The first time I walked into an Urban School was the Spring of 2011. I had just moved to Dallas from Flushing, MI (just outside of Flint and yes I have heard every joke about the name) and started work with the Dallas Regional Chamber in their education space. When I thought of education, I thought of my own experience. Four elementary schools feeding into one Junior High which fed into one High School. I was able to go on field trips, I learned on a computer, I had hands-on learning opportunities and I had a world of options when it came to extracurricular activities. Little did I know, that was not the norm.
Schools looked different. They felt different.
This began my love for public education. I couldn’t read enough about urban schools and what they needed to succeed. I spent time in Austin listening to policy behind public education. I spent time in the classroom learning about these students and what they thought they needed to achieve their goals.
Then to be asked to consider applying for Mayor Star Council so that I can further impact education? Absolutely!
Our 2013-2014 class is almost complete, but the number of things we have been able to accomplish as a team are humbling. For me, I serve on the Project Committee, where we decided to commit to a project that would be sustainable and life changing for the students involved. Little did I know the planning and work would bring such reward.
As a Project Committee, we decided to develop a leadership training program for Sophomore students who wanted to do something more than just be in a leadership class. We wanted students who may not otherwise receive an opportunity like this. We wanted students who saw true value in their neighborhoods, they just needed some support and resources to make change happen. We wanted students who were committed to Dallas and wanted to be leaders of change in their schools and communities.
Starting with five high schools, South Oak Cliff, Madison, Lincoln, Adamson and Roosevelt, we asked students to apply to participate. The applications we received were heartfelt and were writing samples of students who truly desired change in their communities and wanted to be leaders in the developments.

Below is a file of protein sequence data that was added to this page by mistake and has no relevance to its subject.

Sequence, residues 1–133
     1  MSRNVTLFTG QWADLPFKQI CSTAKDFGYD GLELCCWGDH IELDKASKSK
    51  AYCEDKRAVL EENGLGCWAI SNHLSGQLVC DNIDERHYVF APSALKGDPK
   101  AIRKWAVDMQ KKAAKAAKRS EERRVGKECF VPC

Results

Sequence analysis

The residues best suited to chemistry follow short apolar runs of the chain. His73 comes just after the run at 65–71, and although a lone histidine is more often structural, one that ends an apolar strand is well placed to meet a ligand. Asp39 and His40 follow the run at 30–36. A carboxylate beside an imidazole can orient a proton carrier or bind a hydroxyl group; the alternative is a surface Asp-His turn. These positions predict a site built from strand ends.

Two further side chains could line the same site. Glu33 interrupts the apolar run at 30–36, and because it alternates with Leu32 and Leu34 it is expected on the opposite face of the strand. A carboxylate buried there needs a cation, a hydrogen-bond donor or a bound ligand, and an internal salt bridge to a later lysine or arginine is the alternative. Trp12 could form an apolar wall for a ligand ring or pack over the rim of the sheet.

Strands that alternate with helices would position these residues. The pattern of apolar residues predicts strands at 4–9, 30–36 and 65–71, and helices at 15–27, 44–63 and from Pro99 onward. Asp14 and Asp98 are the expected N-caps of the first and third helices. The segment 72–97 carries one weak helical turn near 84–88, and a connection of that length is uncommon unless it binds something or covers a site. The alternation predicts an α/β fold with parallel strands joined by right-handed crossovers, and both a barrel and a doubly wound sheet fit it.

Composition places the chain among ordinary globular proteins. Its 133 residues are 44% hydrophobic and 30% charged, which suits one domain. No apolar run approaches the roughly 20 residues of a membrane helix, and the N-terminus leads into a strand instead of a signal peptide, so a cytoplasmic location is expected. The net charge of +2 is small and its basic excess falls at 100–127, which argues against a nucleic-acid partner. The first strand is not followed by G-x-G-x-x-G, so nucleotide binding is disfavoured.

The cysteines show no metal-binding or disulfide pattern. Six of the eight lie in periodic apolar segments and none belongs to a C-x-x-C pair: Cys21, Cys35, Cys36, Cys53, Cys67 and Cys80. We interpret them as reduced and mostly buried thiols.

Since, we have meet bi-monthly since the end of January teaching students about their communities, what it means to be a leader and why they are already leaders, even if they don’t recognize it yet. Students participated in a neighborhood clean-up where they had to rally up students to go clean a neighborhood, on a Saturday morning, that wasn’t even theirs! 100+ students later, we had two neighborhoods cleaned and a change in prospective for a number of those who participated.
Now, we are on to our community projects. Students have been tasked with identifying challenges in their communities and tangible ways to help alleviate the barriers.
Enter: Lauren (sans the Michigan accent). I would like to continue at this point in the story to discuss these community projects. Like Christie, I too have long been passionate about education. Dating back to 2008, this love has evolved into a specific interest in the external factors outside the school day such as community and family that actually end up not being external at all.
With a student’s academic performance being heavily dependent on experiences outside of the classroom, why not take the curriculum beyond the last bell of the day and outside the front doors? Our students are being educated in every moment of their lives, absorbing what they hear, see and experience that will mold them into who they will become.
With the Mayor’s Rising Star Council, we are hoping to be one more educator to open the window of choice and knowledge, specifically when it comes to their communities. Not just teaching an assessment of “what is wrong with our neighborhood?” but rather taking the approach of, “who are we?” and “what do we strive to become?”
This is exactly what the 2014 MRSC class has been able to discover as they worked towards completing their very own grant proposal for their community project. A discovery of debate, teamwork, community engagement and bright ideas ranging from a food and clothing pantry to an Arts Festival to a t-shirt campaign to an Academic Pep Rally to a historic sculpture project. All student created and student designed. This next month, the MSC team will award funding to support one of these ideas for the capstone community project to be implemented by the students over the summer in all 5 South Dallas neighborhoods.
The lesson of the day? When we are educated we become aware. When we are aware, we can create change. A change from within that begins with the education known as everyday life to our students. At MSC, we’re just providing the curriculum and handling roll call ;)
Lauren Sanderson and Christie Myers | 2013-2014 MSC Members